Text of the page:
Any conversation about refugees , particularly within the borders of the USA, is typically met with legitimate concerns. However, those concerns can easily and unnecessarily conflate into fear, thus distorting the conversation and the reality of refugees and resettlement. As Christians, though, we should be and are called to be a people of faith–not a people enslaved to fear. When it comes to welcoming the refugees to our shores, our arms and hearts should be wide open.
I would argue that most Christians are amenable to the idea of being open, receptive, and supportive to widows, orphans, and the displaced. However, there are many sources of misinformation fueling what has become a very real sense of fear for many.
One of the primary sources of this false information is social media and even traditional news sources. Often, these outlets spew out information that is based less on fact than fear. That fear is fueled by a lack of information, thus jeopardizing the opportunity for real progress to occur.
While various arguments for and against the presence of refugees in our country, these three are among the most common:
1. Economic Implications
There is a widely-circulated fear that refugees coming to the USA will be a drain on our economy. However, data shows that immigrants, to a large degree, have a positive effect on the country and economy that receives them.
2. Religious Drawbacks
Another fear is that the increased presence of refugees will somehow dilute the Christian faith. Data shows the opposite. Overall, the church in the United States has benefitted from resettlement and the influx of new people from varied backgrounds. This fear may be a derivative of aesthetics as much as anything. The new believers and emerging churches don’t look like you and me. They are Burmese, West African, Hispanic, and a myriad of other ethnicities. Side-by-side with you and me, I am of the mind that this collective ultimately looks a lot more like heaven.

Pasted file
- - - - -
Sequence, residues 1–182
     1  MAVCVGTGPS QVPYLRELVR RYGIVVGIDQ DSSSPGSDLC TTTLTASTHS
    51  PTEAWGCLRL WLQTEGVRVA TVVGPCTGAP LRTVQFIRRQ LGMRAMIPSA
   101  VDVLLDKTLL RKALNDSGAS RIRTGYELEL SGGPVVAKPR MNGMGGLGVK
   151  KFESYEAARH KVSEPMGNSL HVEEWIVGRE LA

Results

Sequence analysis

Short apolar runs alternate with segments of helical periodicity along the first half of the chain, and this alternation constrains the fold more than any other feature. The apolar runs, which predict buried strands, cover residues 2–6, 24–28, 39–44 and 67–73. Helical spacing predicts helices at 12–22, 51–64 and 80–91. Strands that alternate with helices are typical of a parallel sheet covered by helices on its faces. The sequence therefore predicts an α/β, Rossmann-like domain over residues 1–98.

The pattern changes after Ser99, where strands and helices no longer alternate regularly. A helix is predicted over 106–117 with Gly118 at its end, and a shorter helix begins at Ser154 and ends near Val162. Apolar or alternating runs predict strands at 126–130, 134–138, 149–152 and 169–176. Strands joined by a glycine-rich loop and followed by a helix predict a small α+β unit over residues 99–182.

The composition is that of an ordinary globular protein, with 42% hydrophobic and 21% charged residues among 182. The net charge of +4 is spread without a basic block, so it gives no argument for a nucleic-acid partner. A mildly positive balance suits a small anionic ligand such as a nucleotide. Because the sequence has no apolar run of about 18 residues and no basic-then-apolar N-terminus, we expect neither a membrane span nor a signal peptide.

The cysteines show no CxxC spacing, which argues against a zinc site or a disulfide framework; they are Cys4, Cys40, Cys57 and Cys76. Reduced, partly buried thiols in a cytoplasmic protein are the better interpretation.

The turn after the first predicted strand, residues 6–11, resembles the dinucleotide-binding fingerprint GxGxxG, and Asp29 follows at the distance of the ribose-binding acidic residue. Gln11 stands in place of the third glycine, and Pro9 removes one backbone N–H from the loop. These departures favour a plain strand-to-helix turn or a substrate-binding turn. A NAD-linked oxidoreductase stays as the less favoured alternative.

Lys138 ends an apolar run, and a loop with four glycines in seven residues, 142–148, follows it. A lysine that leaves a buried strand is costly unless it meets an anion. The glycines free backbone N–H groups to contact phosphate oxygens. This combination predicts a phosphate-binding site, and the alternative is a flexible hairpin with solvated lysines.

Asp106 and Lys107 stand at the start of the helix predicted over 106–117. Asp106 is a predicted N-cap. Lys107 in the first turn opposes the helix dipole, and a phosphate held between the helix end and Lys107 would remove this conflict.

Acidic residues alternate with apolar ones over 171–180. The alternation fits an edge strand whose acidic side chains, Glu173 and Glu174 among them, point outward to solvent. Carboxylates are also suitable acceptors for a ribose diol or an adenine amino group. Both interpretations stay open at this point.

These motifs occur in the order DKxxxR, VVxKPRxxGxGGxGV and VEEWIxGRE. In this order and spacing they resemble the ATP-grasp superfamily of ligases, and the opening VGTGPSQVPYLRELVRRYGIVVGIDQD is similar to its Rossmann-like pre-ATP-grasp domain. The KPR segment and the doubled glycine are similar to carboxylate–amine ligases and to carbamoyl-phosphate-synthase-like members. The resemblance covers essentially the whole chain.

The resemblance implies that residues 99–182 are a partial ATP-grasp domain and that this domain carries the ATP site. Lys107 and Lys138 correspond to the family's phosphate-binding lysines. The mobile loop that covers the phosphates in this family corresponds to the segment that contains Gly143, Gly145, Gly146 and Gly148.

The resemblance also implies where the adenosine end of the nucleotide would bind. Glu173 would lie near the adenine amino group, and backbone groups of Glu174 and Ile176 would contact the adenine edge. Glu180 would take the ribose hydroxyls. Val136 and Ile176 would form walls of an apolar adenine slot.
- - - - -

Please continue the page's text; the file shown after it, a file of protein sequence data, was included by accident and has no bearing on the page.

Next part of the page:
The fear of terrorism, more specifically, the fear of terrorists slipping through the refugee system and process seems to be at a fever pitch as of late. The truth is, the possibility of someone infiltrating the US through the immigration process is highly unlikely, largely due to the stringency of our screening process. There are much easier ways for terrorists to enter the US than through the immigration process.
The processes in place  for refugees and immigrants entering the United States are extensive, thorough and should set your mind at ease when it comes to fears of terror infiltrating our borders. Overall, immigration and the presence of refugees in this country benefits our economy, our churches and poses no serious threat to national security.
While we must remain cautious and vigilant when it comes to who and how individuals enter and subsequently affect us, we should open our eyes to the rich rewards the “Kingdom” side of immigration brings to us all.